Mr Lock : I can only give that particular instance. I do not have that knowledge as to what happened with other officers.[1]

1.4        Joseph Pulitzer once said:

There is not a crime, there is not a dodge, there is not a trick, there is not a swindle, there is not a vice which does not live by secrecy.

1.5        While I direct no accusation at the ATO in the secret tax liability deals it has negotiated, the mere fact that the deals are secrets opens an authority to criticism which can erode the public’s confidence in it. This is undesirable.

1.6        ATO settlements are now subject to an independent assurance of settlements program being established. The intent of this program is to provide the community with assurance that settlements were undertaken fairly and reasonably. It largely addresses the issue of public confidence.

1.7        Noting the importance of the office The Commonwealth Director of Public Prosecutions (CDPP) and the Director, it is an office and position that needs to be viewed with the utmost public confidence and, to the extent possible, not be open to claims of impropriety nor to controversy that may flow from secrecy attached to any DPA.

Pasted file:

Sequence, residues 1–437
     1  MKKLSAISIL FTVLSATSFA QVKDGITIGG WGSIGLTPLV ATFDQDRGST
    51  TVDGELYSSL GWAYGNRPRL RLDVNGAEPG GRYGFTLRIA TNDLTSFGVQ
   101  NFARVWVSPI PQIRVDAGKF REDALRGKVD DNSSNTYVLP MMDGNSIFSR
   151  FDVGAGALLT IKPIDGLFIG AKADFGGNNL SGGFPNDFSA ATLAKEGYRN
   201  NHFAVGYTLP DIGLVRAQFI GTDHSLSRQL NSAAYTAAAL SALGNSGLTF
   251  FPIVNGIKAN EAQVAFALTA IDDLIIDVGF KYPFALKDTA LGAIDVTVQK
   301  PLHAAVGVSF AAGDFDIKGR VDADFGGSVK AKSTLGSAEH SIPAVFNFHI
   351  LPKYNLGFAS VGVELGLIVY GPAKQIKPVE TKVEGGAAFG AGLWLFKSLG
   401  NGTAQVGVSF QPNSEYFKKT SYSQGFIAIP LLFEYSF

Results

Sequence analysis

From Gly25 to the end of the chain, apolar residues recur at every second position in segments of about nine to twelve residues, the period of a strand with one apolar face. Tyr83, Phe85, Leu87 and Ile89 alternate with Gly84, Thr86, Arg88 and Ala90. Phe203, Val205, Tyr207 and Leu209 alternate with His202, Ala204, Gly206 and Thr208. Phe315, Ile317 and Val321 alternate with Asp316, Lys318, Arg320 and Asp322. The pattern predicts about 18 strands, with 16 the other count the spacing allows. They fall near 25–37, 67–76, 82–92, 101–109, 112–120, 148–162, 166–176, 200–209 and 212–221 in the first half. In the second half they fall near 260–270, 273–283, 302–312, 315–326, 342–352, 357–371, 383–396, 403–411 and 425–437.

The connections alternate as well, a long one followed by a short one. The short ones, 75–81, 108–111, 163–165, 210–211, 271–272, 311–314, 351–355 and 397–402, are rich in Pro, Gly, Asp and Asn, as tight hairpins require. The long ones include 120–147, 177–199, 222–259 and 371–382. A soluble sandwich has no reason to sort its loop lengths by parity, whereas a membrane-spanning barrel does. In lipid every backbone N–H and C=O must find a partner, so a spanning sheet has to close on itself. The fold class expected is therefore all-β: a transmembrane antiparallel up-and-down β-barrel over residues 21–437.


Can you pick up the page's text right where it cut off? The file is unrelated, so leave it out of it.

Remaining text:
1.8        We need to avoid the possibility of a controversy within the CDPP because of ‘secret’ DPAs. We do not want to be establishing an independent assurance of DPAs program in the years to come.

Publication of Deferred Prosecution Agreements

1.9        The bill provides for a number of mandatory terms for all DPAs:

1.10      The bill also provides for a broad discretion in which the Director may, if they consider it to be in the interests of justice, publish a version of a DPA that does not disclose the name of the person or any other material the Director considers should not be disclosed.[3]

1.11      However, the interests of justice must be properly balanced against the public interest and the need for transparency. In all circumstances, a minimum level of information should be published.

Recommendation 1

1.12      That the bill be amended to remove the discretion to not publish a DPA.

A minimum disclosure standard

1.13      A minimum disclosure should occur with that minimum being as follows:

Recommendation 2

1.14      That the bill be amended to include a minimum disclosure standard for all DPAs.

Recommendation 3

1.15      In circumstances where a DPA has not been published in full because of a concerns that it is not in the interests of justice to do so, full publication of the DPA must occur once this concern is no longer present.

Committee Recommendations

I support Recommendations 1, 2 and 3 of the Committee’s recommendations. With regard to Recommendation 2, I make a further recommendation that the Government adopt the recommendations contained in my Dissenting Report to the inquiry into the Treasury Laws Amendment (Enhancing Whistleblower Protections) Bill 2017.

Rex Patrick
Senator for South Australia